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Sun, Nov. 29

Renaissance theme park dream still alive in Williams

WILLIAMS, Ariz. - Amid the talk circulating about a possible theme park coming to Williams, a core group of local residents is working to bring a different attraction to town - a renaissance park.

Williams resident Mark Worden has dreamed of bringing the Grand Canyon Renaissance Experience to town since 2002.

The project is separate from the newly formed theme park district in Williams, and Worden hopes work can start on his attraction when the city's water crisis is resolved.

Initial plans for the renaissance park include a castle with a castle yard, a feast hall, a pub with a stage, a reception area for events, a field of honor, a maze and more. The park would be built on a piece of land along the Interstate 40 corridor, although the specific land in question is not public yet.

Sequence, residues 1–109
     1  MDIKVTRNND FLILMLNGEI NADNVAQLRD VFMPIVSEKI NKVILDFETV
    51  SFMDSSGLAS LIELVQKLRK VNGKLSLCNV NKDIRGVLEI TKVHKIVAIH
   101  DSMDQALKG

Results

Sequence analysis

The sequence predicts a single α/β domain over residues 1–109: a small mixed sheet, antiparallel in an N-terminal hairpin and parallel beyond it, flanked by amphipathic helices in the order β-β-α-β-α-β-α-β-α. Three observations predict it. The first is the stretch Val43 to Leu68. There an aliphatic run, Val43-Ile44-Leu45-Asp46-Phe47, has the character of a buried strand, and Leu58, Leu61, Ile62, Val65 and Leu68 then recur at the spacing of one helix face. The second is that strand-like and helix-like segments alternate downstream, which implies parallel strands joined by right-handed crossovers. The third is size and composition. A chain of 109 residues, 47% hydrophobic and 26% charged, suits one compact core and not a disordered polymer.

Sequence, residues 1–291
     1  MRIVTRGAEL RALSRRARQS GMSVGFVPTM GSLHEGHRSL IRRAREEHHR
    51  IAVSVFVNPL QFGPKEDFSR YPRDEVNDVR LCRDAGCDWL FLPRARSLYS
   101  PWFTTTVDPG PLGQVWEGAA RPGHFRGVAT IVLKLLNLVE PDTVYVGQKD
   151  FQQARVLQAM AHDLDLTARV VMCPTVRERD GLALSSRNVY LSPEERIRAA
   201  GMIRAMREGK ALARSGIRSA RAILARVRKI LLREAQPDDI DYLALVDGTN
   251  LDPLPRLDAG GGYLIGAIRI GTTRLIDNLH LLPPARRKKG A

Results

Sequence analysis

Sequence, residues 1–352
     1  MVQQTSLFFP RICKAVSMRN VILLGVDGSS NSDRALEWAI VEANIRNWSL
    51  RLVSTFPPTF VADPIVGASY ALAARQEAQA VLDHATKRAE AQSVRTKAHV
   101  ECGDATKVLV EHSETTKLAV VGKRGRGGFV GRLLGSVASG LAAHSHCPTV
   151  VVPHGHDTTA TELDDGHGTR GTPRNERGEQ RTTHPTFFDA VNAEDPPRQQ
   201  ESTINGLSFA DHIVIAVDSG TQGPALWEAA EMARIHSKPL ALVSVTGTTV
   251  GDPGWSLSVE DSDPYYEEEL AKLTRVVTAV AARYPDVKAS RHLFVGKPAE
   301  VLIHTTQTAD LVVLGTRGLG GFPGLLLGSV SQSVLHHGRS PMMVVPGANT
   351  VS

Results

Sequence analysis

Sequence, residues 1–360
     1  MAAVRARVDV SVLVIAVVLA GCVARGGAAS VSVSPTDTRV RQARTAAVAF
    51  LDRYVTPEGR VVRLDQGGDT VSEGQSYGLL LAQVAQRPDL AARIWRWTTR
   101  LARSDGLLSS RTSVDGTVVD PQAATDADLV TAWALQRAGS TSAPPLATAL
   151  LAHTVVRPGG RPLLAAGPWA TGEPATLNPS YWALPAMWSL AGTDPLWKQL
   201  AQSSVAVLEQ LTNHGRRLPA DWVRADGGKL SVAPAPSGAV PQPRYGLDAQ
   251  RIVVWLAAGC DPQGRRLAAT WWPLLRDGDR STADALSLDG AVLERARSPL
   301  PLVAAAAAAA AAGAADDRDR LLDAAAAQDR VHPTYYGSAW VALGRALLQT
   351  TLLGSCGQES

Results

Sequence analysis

"You want the visibility," Worden said of the location. "If you have a castle you want people to see it."

The programming at the renaissance park would feature demonstrations of swordsmanship and archery, living history, stage shows, a knight's academy, a shopping area, a comedy joust and more.

"We're the only ones in the country that have (the comedy joust), so it's definitely a selling point for our fair," Worden said. "We put on a really good show."

According to Worden, his group is now in the investment stage of the project, and one investment group is interested in putting $7 million to $11 million toward the park.